Global turmoil makes Australian banks' refinancing mountain a harder climb
After the past week's failures and liquidity crunches at banks in the United States and Europe.
SYDNEY, (Reuters) - An A$300 billion ($201.21 billion) refinancing task for Australia's biggest banks is about to get harder, say analysts, as appetite for new debt shrinks across global markets roiled by concerns about bank stability and liquidity.
Australia's biggest banks, Westpac (WBC.AX) , ANZ Group Holdings (ANZ.AX) , Commonwealth Bank (CBA.AX) and National Australia Bank (NAB.AX) are refinancing roughly A$300 billion worth of funding in fiscal 2023 and 2024, the largest two-year tally in nearly a decade, according to Macquarie research.
The expiry over the next 18 months of roughly A$130 billion in near-zero interest rate loans from the central bank during the pandemic had already made the task more difficult.
But after the past week's failures and liquidity crunches at banks in the United States and Europe, refinancing will become even pricier and damaging to margins, according to Credit Suisse analyst Jarrod Martin.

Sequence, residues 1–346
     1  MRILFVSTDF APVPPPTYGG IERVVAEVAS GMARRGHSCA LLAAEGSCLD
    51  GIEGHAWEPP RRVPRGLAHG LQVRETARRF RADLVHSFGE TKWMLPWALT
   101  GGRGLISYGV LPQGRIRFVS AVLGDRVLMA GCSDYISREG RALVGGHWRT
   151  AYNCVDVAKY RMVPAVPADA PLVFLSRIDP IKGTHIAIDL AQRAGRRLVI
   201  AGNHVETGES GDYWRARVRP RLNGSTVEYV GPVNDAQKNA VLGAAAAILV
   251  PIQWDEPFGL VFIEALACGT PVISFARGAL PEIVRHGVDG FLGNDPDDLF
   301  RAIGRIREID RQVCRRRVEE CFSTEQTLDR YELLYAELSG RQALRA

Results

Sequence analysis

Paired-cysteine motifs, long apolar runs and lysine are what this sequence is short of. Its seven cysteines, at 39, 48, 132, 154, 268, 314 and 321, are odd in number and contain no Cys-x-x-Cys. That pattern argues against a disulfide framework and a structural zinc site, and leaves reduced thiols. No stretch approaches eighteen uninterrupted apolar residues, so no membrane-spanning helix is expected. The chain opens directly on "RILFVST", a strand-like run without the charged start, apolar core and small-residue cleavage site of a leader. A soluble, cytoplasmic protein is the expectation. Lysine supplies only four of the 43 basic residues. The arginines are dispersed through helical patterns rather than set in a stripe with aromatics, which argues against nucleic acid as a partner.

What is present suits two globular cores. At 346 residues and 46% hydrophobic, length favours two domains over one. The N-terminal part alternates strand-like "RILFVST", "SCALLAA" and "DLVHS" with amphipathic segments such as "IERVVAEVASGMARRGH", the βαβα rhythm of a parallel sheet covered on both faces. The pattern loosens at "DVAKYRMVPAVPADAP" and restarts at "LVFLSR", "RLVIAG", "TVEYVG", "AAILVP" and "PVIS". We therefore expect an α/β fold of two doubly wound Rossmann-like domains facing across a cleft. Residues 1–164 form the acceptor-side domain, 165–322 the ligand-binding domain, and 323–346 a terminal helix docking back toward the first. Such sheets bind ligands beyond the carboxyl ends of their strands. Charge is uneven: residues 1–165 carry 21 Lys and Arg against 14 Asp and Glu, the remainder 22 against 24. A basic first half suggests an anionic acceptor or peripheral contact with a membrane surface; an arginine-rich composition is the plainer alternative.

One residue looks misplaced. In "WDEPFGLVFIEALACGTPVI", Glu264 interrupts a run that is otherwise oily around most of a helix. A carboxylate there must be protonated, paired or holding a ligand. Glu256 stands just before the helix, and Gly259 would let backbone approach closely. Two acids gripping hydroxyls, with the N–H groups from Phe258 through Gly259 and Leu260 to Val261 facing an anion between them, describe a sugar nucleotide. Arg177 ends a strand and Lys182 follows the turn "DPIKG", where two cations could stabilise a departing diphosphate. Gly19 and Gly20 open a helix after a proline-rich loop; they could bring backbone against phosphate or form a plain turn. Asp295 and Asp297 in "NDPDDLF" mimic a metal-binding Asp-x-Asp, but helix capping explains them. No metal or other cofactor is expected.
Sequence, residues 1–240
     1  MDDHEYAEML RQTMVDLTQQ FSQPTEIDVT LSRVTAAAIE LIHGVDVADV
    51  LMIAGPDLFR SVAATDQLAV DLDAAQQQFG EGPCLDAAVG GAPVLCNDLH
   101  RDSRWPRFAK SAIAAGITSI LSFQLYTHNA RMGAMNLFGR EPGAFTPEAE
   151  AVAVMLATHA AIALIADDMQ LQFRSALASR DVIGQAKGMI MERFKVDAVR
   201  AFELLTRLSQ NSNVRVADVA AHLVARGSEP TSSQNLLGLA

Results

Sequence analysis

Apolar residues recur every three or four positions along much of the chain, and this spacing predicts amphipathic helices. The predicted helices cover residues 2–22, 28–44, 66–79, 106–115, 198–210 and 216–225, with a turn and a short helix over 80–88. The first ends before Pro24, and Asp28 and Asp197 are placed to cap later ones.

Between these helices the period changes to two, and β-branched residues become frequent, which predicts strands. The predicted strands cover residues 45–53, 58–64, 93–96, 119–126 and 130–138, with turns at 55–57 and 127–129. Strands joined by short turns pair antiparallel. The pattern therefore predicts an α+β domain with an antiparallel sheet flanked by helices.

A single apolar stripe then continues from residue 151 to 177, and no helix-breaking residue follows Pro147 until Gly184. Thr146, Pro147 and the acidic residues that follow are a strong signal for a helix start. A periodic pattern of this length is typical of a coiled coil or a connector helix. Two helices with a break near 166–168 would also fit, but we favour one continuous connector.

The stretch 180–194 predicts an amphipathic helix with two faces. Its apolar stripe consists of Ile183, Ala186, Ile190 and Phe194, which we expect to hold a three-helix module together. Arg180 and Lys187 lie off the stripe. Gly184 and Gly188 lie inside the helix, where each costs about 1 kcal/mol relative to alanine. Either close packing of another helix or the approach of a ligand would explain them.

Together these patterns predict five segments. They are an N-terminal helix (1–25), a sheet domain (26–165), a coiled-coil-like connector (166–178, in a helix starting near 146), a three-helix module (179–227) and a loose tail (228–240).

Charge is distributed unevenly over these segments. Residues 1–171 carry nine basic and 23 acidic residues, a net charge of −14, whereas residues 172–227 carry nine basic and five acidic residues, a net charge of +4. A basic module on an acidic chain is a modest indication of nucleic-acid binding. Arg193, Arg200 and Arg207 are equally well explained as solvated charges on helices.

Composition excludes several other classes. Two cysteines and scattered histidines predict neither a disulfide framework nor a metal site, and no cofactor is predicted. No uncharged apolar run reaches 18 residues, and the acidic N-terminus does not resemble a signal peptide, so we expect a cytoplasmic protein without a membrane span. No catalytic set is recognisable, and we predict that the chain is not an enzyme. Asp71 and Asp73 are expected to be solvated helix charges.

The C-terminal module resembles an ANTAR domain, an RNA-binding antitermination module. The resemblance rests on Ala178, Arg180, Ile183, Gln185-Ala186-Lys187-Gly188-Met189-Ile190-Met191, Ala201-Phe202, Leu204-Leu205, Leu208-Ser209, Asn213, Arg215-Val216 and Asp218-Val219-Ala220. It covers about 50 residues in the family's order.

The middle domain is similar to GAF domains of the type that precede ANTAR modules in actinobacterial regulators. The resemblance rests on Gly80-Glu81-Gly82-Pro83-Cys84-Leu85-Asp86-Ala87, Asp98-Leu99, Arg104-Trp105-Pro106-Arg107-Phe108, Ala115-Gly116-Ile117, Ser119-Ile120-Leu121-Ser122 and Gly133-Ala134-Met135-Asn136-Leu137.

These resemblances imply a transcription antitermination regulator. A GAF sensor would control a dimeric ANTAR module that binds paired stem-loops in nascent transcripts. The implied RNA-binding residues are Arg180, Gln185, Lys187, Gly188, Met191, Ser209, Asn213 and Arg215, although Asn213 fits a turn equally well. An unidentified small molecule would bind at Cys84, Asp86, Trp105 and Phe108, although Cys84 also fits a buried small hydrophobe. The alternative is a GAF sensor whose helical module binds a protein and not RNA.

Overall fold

"When there are global concerns the cost of raising debt increases and that's what we've seen in the last week," he said on Friday. "Now major banks don't have to hit markets everyday... but ultimately banks can't stay out of the market forever."
Refinancing today would add extra 5 to 10 basis points to banks' costs versus a week and a half ago, he added.
The rise in funding costs underscores how the fallout from the collapse of Silicon Valley Bank and the run on Credit Suisse is hurting even those banks where there is little risk of a similar liquidity or solvency crisis.
Fears of a global banking crisis eased on Friday after an emergency intervention from the Swiss National Bank provided Credit Suisse on Thursday with $54 billion to shore up liquidity.
In the United States, a group of Wall Street banks the same day deposited as much as $30 billion into troubled lender First Republic Bank (FRC.N), sending its shares 10% higher.
Decisive action from regulators means an extended freeze in wholesale markets is unlikely, said one analyst who could not be named as they were not permitted to speak with media, but the rise in funding costs would hit bank margins already under pressure from greater competition and rising deposit rates.
Australia's big four banks have already raised roughly A$90 billion thanks to a flurry of issues this year, according to research from Macquarie published on Friday.
However rising funding costs will mean finishing the task will hit margins to the tune of between 8 and 10 basis points over the next three years, the note added.